Getting Started in Writing

Writing… Is it Right for You?

The Beginning of a Life-long Journey

By Deborah Owen

What would you give to be a good writer? Would you be willing to study hard, to start at the bottom, to invest in yourself? That’s what learning the writing trade is all about, and you can learn it in two years or less.

Writing will fulfill you.
Writing will be worth the sacrifice.
Writing will make you more than you are.

Perhaps the following syllabi from Creative Writing Institute will help you judge your present level of writing.

Punctuation Review: Learn basic comma rules, dependent and independent clauses, the use of semicolons, parentheses, dashes, apostrophes, hyphens, question marks, exclamation marks, quotation marks, and slashes. This is an awesome brush-up course for those who are weak in this area.

Mechanics of Writing is another brush-up course that deals with dialogue, comma splices, subject and verb agreement, coordinated vs. subordinated conjunction, double negatives, disruptive and misplaced modifiers, unclear antecedents, overuse of prepositions, fragmented and run-on sentences, prepositional phrases, query letters, and how to coordinate ideas. This is the course where most students should begin because it lays a great foundation.

Short Story Safari is an intermediate course that covers themes, choosing points of view, and targeting the audience. Students will learn to build and properly cast characters, create good dialogue, use word imagery, build conflict, cut verbiage in long sentences like this, and perhaps most importantly, the art of Show, Don’t Tell. Students will complete the course with a finished story.

Some people think it’s easier to write for children than to write for adults. Wrong. The Writing for Children course presents outlining, fleshing out characters, studying market techniques, building points of view, good dialogue, and Show, Don’t Tell. In addition, you will learn how to edit drafts, polish your final draft, and create fantastic queries and cover letters. Students will complete the course with a finished story.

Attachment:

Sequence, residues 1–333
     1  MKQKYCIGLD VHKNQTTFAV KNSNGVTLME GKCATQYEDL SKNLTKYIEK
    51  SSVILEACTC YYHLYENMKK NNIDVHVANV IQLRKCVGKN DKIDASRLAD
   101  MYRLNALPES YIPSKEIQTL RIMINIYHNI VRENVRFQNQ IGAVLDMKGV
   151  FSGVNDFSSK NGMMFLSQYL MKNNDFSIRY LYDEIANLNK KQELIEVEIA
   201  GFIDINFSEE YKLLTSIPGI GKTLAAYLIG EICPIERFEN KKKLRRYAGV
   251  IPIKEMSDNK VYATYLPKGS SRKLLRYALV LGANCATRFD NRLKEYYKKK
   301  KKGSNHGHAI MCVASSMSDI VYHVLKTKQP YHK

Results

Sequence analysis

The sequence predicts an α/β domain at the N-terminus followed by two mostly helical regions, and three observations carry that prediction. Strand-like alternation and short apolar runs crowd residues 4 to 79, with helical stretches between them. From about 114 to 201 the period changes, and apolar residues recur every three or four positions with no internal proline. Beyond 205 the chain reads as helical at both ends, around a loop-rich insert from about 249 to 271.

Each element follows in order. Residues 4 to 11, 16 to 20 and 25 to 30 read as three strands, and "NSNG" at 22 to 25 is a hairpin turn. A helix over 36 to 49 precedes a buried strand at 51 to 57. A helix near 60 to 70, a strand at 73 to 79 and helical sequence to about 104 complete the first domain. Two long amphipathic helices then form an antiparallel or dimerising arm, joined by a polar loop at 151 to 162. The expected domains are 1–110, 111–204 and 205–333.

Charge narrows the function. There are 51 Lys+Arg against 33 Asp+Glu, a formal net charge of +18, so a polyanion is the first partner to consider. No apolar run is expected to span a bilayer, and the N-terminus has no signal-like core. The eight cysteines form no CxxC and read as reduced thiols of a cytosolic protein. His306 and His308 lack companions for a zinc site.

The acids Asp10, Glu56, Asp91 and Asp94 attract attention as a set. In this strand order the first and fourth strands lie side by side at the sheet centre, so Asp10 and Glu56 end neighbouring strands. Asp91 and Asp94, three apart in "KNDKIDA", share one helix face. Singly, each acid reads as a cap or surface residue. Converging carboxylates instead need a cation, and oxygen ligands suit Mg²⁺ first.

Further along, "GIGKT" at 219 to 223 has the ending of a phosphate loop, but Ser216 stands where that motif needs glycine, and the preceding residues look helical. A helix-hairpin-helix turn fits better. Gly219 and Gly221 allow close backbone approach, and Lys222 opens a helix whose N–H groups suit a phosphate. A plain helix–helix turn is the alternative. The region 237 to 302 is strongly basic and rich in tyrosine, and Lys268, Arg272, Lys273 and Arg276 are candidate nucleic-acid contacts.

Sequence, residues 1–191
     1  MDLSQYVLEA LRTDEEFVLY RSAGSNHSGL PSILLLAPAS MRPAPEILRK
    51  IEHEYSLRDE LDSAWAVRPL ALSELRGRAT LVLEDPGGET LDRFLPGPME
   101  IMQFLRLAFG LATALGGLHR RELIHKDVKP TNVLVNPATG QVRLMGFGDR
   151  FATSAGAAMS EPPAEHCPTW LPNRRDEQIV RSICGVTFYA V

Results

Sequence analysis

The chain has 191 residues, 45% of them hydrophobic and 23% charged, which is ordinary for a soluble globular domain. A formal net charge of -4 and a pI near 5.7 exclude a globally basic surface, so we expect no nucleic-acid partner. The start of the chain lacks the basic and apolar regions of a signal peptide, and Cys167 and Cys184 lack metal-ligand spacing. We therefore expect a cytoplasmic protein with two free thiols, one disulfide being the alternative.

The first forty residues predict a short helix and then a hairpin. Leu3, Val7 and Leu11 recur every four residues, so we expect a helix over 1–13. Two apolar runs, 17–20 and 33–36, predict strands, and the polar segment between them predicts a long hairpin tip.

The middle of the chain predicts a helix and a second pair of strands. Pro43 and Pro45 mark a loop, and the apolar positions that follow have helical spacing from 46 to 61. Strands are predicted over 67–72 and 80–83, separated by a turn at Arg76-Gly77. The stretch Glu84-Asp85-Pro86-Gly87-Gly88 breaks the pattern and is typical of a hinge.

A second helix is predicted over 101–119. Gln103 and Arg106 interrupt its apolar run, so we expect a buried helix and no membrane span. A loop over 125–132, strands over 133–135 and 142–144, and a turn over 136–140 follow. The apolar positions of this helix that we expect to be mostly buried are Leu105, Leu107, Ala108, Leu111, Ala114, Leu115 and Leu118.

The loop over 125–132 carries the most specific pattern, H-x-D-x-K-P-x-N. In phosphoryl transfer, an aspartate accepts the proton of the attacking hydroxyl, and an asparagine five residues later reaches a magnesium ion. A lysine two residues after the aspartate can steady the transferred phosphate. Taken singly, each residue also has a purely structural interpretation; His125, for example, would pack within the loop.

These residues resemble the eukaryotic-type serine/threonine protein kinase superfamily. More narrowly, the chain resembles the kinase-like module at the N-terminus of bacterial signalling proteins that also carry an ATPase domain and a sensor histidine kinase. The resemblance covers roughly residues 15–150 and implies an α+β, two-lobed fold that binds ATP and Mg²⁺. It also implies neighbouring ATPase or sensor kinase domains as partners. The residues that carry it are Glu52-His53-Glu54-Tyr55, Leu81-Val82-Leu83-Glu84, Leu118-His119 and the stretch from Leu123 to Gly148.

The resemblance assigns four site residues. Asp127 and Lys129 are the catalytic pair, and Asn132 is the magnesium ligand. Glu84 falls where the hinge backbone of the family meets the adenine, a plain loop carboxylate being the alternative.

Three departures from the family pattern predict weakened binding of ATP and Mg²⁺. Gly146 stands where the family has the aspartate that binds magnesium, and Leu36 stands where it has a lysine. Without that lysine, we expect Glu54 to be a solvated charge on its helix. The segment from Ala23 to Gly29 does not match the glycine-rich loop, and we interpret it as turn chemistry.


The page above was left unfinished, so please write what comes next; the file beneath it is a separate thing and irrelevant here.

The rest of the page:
Those who take the Fantasy Writing Class will study the difference between fantasy, horror, and sci-fi writing. The course also covers the history of fantasy writing, finding inspiration, creating fantasy characters, worlds, and battles. Additionally, students will study outlining, creating spells, mixing magic potions, and the necessary elements to transport your readers into a believable atmosphere. Students will complete the course with a finished story.

In Dynamic Nonfiction writers will find ideas for articles, contact editors for guidelines, do research, learn to notate properly, and learn critical thinking vs. argumentation. They will study topics and sub-topics, titles, description, cause and effect, and analogy. They will prepare a query letter and complete the course with a finished article.

Building Blocks of Poetry teaches students about perfect rhyme, near rhyme, lines and stanzas, repetition, consonance, assonance, rhythm, meter, and alliteration. They will also learn enjambment, caesura, scansion, imagery, metaphor, pathos, personification, and other techniques.

There are many more classes, but these represent some of the more popular ones. Two poetry courses are also available, teaching meter, rhyme, free verse, and various types of poetry.

Students who begin above their level are apt to become overwhelmed, discouraged, and disenchanted with learning. If you aren’t sure where you would fit into the learning scale, write to deborahowen@cwinst.com for information on how you can receive a free writing evaluation without obligation.

NOTE: Other schools may have identical class names but might teach different subjects within their courses. Always read the syllabus, and don’t forget to visit www.CreativeWritingInstitute.com for all your writing needs. Take a course and get your own personal tutor. On sale now!

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One thought on “Getting Started in Writing

  1. Hi Deb,
    Thank you so much for bringing these Writing Tips back for me to read,
    I am still interested in learning more about writing,
    As I said to you in one of my letters, I follow your teaching and enjoy what you write,
    And still love learning,
    Thanks again,Deb

    Like

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